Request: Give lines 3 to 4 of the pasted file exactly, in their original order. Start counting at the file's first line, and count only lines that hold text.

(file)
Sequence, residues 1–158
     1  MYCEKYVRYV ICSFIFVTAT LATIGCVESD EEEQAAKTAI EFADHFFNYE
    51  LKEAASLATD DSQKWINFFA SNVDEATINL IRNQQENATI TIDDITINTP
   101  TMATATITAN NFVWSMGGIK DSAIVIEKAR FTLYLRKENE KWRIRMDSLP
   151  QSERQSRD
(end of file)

    51  LKEAASLATD DSQKWINFFA SNVDEATINL IRNQQENATI TIDDITINTP
   101  TMATATITAN NFVWSMGGIK DSAIVIEKAR FTLYLRKENE KWRIRMDSLP